I just think Vivaldi could help the accessibility of Gemini without taking it hostage - it could be a bit symbiotic with moderate effort. Get some publicity for both Vivaldi and Gemini, make Gemini more readily accessible. Vivaldi's built in translation might even lower some language barriers in the Gemini space, helping that community to exchange across language barriers. Not sure if the Gemini community would even welcome Vivaldi adding a Gemini client.
But I assumed that it wouldn't take much to implement, which might turn out to be more tricky than I imagined.
@wildente I don’t intend for Vivaldi to attack Gemini or take it hostage. I would see Vivaldi in a role supporting its users becoming accustomed to Gemini and providing options to interact with the protocol actively (capsules). What shouldn’t happen is Vivaldi running an advertisement blog on Gemini…
I don’t intend for Vivaldi to attack Gemini or take it hostage.
ah sorry. I was referring to my own words "marketing gag"; as you said the Gemini community seems to want to be independent from the mainstream web and wants light tools. So support from Vivaldi for the sake of a marketing gag might seem to them like being taken hostage for the benefit of some business interest.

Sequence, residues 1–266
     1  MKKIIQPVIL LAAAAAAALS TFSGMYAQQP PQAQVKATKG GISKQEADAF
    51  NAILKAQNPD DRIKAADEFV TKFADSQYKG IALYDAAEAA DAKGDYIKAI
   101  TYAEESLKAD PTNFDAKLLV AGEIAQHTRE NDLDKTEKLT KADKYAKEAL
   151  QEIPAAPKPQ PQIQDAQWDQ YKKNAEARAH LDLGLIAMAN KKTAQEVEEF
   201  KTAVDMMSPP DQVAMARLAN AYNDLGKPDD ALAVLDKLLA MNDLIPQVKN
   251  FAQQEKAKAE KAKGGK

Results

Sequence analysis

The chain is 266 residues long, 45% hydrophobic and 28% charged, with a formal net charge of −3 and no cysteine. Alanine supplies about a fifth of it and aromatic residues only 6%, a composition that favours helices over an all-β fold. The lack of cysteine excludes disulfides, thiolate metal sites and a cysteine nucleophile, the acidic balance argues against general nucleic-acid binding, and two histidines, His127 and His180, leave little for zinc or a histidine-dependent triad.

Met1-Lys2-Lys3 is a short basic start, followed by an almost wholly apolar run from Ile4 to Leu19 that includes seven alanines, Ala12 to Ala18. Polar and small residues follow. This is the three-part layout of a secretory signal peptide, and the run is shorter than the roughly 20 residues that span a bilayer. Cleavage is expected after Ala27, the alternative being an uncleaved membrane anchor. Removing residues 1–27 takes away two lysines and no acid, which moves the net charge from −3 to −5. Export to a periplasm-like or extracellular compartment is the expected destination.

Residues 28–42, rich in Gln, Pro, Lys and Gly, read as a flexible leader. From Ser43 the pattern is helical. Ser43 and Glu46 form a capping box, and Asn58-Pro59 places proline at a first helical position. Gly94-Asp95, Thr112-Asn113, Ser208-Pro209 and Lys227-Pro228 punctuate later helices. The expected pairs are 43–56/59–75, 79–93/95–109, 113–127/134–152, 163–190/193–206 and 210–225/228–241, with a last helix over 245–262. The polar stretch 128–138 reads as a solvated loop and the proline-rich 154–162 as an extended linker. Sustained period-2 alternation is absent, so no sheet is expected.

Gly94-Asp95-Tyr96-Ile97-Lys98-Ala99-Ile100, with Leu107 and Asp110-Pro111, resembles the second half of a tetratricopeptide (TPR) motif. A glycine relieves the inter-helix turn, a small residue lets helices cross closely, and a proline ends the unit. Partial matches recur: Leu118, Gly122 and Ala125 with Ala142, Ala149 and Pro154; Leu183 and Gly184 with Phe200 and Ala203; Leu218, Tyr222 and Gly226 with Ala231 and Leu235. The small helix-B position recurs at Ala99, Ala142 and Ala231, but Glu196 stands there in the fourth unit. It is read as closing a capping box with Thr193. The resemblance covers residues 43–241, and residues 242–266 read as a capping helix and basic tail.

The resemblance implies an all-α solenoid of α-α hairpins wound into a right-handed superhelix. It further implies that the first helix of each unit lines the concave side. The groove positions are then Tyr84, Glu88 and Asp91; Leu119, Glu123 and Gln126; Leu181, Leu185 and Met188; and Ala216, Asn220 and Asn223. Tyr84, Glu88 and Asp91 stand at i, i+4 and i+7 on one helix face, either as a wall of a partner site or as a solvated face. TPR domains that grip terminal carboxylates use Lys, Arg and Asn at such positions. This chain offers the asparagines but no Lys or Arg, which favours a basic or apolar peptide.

What shouldn’t happen is Vivaldi running an advertisement blog on Gemini…
fully agreed, but then again, I have no doubt in the ethics of Vivaldi.
This would be great. It probably wouldn't entice any Geminispace users to switch over from their preferred browser, but it could introduce Vivaldi users to Gemini.
That said, I'd be surprised if this was added, since Vivaldi doesn't even have support for Gopher. (Though that was removed upstream; I don't know if adding a removed protocol back in would be more or less difficult than adding in a completely new one.)